Australian PM Slams U.S. 'Gun Culture' in Wake of Virginia Tech Shooting

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Australia's prime minister on Tuesday said the Virginia Tech shootings showed that America's "gun culture" was a negative force in society, praising his country's efforts to enact tough gun laws after a similar massacre 11 years ago.

John Howard staked his political leadership on pushing through the strict gun ownership laws after Martin John Bryant, armed with a bagful of automatic weapons, went on a killing spree in the tourist resort of Port Arthur in southern Tasmania state on April 28, 1996. Thirty-five people died.

The conservative Howard, a strong ally of President Bush, said the Virginia Tech shootings were the kind of tragedy he hoped would never be seen again in Australia.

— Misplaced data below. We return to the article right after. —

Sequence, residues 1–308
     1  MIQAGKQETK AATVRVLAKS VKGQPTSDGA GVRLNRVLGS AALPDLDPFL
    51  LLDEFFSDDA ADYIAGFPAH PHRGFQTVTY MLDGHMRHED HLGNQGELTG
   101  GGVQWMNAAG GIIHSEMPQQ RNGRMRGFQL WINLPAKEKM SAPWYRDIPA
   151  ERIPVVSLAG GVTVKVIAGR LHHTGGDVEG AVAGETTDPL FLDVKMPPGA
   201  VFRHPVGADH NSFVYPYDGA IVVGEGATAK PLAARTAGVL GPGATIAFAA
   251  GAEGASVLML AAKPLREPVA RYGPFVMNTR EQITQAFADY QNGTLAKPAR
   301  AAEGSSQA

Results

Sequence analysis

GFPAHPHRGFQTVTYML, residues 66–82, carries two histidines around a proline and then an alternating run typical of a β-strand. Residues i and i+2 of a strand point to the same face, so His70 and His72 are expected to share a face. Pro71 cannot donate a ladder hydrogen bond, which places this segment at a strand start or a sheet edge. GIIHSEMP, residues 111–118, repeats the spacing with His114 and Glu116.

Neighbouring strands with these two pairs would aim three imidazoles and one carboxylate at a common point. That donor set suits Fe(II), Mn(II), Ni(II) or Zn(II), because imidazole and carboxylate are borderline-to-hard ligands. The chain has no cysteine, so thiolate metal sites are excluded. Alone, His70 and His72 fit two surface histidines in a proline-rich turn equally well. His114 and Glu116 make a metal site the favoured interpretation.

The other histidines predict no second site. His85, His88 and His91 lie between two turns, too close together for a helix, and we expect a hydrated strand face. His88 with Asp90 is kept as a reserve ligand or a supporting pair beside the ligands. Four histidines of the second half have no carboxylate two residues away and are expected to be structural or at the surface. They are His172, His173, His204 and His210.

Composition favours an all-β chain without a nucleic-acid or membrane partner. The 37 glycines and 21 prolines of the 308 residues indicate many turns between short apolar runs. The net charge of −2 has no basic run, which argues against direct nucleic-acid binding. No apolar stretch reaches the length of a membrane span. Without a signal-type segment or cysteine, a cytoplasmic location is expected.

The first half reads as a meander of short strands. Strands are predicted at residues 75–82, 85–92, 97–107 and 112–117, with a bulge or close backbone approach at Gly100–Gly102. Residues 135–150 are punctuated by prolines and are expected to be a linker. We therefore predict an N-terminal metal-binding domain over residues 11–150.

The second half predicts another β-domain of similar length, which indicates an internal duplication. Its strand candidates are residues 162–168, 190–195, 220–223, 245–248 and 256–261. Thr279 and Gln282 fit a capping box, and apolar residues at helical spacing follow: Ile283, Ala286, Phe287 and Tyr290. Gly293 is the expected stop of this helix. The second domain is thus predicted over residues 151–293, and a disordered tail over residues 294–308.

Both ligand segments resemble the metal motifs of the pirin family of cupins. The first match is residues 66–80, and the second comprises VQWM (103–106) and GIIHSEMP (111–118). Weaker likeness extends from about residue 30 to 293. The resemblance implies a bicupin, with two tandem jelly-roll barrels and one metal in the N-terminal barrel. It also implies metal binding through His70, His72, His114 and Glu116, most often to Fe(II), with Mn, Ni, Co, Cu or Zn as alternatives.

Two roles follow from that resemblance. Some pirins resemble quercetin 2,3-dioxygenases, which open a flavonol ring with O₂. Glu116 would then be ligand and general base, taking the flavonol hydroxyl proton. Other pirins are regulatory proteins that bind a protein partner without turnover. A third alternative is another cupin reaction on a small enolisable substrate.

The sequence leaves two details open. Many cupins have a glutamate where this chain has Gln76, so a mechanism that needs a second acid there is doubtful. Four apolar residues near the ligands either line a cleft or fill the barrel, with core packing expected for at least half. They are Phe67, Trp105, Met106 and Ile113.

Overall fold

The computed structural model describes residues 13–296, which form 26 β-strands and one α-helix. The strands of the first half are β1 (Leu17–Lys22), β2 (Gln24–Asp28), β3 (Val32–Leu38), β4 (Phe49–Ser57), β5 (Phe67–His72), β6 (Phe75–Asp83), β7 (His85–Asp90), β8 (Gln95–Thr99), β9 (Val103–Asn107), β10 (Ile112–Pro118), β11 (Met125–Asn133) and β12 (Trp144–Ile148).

"You can never guarantee these things won't happen again in our country," Howard told reporters.

"We had a terrible incident at Port Arthur, but it is the case that 11 years ago we took action to limit the availability of guns and we showed a national resolve that the gun culture that is such a negative in the United States would never become a negative in our country," he said.

The new gun laws in Australia, which banned military-style weapons and toughened licensing and storage restrictions, were unpopular among farmers and other gun owners that are key supporters of Howard's conservative coalition. The government paid owners to take more than 600,000 firearms off their hands in a national buyback scheme.

Experts say the laws have probably helped keep violent crime rates down, though gun ownership advocates say there is no proof the laws have made Australia safer.